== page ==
living the japanese dream

Submitted by Susan Miller on Mon, 06/09/2008 - 10:11.

Get your schooling, get your job, get married and have a dog. If you plan any outings with your pooch, you'll need a vehicle, so Honda launched a dog car website: Honda Dog just for the occasion.

"Reuters reports that visitors to the site, which is in Japanese, can learn about events where they can test-drive Hondas with their canine companions or even go to races where a section is reserved for guests with dogs. It further shows pup owners the most efficient arrangements for pet crates in most of Honda's vehicles — and touts the automaker's advanced deodorization filter, which lowers in-vehicle allergens and helps get rid of undesirable smells." from this article: Dog Bytes: Honda Japan Mounts a Dog-Specific Web Site

This news came in an email hawking Hondas in my inbox today, "Honda has discovered the recent pet boom that has birthrate on the decline, and pet ownership on the rise in Japan." There's a concept to lower birthrates for ya. Have a kid or two (not 13) and a dog.

Me? Born in Japan, first dogs, Hachi, Dachi and Dozo - all shepards. Dozo - my "first dog" traveled to the US on a ship across the Pacific with us in 1958. I can't say that he was hummimng "Comin' to America" while on board, but I do have a sweet picture of my brother whose duty it was to fetch him from the ship's kennel and walk him on deck four times a day. According to my parents, Japanese families were overrun with US military base dogs in the 1950s and since they were not spayed or neutered there were always more puppies than a family could feed. The standard procedure was to select a "rich American" who lived in off base and dig a hole under their fence, insert dog and hope the puppy would be well received. This is how Hachi, Dachi and Dozo came to live with us in Japan.

All dogs always traveled with the family in the car. Currently my Honda means adventure for my pooch, Phoebe, and sometimes she even brings a friend.  She especially likes the Chagrin River and Whiskey Island. Fur and pawprints in the car? You bet. She's white. I avoid wearing black.

Where I like to vacation, the listings of beach houses to rent have little pawprints to indicate which houses are dog friendly. I have to admit that she rules many decisions for me. For many years it was one kid and two dogs ruling the roost and the car and the plans. Now Phoebe has the upper paw.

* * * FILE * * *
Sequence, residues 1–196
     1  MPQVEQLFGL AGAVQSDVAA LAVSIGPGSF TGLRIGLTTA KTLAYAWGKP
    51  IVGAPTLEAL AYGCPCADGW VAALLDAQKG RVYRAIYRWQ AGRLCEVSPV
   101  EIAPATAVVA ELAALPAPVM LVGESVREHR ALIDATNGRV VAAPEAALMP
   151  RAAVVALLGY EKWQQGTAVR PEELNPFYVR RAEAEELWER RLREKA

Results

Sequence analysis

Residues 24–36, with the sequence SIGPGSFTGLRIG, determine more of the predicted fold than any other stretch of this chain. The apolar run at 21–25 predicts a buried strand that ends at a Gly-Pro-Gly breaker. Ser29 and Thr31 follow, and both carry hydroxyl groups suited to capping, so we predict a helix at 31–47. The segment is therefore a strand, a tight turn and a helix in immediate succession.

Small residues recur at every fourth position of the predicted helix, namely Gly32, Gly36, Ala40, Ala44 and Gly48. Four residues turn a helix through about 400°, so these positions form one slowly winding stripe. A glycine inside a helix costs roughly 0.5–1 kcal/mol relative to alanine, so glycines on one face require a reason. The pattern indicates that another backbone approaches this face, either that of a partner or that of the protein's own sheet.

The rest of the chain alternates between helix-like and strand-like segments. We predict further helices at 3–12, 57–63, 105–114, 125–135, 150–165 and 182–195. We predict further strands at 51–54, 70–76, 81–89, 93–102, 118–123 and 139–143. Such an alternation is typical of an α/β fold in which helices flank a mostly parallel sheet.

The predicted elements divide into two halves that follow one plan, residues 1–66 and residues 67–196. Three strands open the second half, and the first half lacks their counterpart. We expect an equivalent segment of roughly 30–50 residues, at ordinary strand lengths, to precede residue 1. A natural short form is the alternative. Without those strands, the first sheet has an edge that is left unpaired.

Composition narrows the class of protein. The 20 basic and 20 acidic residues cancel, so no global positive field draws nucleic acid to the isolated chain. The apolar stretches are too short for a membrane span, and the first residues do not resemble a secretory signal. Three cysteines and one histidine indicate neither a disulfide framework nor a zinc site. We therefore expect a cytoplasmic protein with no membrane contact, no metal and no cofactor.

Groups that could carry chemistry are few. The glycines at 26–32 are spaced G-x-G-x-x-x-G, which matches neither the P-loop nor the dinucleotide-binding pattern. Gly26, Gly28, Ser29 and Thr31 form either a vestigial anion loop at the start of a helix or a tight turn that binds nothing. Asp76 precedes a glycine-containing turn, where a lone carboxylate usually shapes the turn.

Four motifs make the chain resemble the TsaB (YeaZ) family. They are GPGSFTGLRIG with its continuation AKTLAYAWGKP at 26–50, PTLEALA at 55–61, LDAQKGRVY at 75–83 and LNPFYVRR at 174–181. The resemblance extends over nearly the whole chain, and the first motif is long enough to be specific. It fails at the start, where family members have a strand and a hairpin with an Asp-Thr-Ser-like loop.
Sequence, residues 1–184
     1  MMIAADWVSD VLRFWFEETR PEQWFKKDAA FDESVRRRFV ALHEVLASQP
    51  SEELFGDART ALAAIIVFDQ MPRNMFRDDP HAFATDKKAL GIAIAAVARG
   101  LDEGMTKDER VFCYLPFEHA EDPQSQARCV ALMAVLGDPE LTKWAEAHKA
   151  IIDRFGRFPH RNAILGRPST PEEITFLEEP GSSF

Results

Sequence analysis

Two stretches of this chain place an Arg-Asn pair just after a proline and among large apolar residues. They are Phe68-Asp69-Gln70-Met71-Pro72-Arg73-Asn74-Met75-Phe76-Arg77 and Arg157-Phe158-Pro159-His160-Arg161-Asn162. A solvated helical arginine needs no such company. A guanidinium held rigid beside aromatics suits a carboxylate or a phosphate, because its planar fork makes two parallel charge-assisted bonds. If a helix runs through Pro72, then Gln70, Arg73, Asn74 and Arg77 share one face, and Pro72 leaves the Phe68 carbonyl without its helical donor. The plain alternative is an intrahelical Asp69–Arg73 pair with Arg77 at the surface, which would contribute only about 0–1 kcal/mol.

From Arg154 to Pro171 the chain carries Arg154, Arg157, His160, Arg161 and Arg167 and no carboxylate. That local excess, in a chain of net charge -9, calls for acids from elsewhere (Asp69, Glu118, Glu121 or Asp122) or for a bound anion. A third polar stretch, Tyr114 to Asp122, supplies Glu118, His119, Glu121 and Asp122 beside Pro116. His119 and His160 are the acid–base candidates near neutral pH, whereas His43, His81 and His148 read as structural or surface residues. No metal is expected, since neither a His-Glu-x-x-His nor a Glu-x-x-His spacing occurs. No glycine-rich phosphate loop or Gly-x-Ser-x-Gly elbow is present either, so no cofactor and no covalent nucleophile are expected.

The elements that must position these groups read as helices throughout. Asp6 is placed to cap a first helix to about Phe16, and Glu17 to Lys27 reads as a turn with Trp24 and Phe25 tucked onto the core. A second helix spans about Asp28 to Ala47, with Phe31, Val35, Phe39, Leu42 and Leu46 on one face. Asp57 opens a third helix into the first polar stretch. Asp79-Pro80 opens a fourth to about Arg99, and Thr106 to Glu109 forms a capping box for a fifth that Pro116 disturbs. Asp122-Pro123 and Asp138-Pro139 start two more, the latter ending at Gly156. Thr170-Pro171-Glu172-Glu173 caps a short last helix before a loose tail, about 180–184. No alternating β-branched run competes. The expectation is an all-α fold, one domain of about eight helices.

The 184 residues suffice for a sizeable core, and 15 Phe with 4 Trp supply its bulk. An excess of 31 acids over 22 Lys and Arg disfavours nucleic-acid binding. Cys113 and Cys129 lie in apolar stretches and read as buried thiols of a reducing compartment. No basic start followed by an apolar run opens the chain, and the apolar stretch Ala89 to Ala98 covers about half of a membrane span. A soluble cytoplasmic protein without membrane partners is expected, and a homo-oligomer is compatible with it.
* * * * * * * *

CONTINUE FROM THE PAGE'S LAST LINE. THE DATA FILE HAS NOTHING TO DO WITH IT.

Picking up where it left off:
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This is a bit much, Susan.  I love dogs-- and cats, too--but they are not frivilous.  They are expensive.  Over the average lifespan of a cat--the total cost to a homeowner, food, medical costs, kitty litter etc--is $6,000.  I haven't researched dog costs, but I imagine that they are much higher.

While, it's a cost that I am willing to pay for the best companionship money can buy-- the planet most definitely can not support cars for canines.

cost of human vs. cost of pet

Contrast the cost of having a pet with that of having a child... I can't even fathom the difference in cost between my child and my dog(s).

For example, my dogs have all been happy with a ball or a stick, a bone and a bowl of dry dog food. They never needed clothing, never mind clothing of the sort that would allow them to not be scoffed at by their peers.

My kid though... Oh my God! And not only that, I could have afforded a whole kennel of dogs for the cost of the first two years of college. My child, anyone's child laughs at $6,000. Our child cost us more than this in his first year of life.

I don't think that the point is that one would purchase a car specifically for one's dog, but that since so many people are having dogs instead of additional kids, automakers can accommodate that reality.

PS I would never refer to my dog(s) as frivolous. They have all been steadfast companions. And as for the "rich American" comment, we were never rich though the rate of exchange between the US and Japan in the 1950s meant that my adventurous parents opted for a traditional Japanese house off base and were viewed by their Japanese neighbors as "rich". Believe me, my mother had no intention of having a large family - stopping at two had always been her plan. Indeed, my brother always referred to me as "the result of one too many champagne cocktails on the flight back from Korea". After me, only stray dogs were allowed to join the family. My Mom, a neonatal nurse knew too well the issues surrounding poor family planning.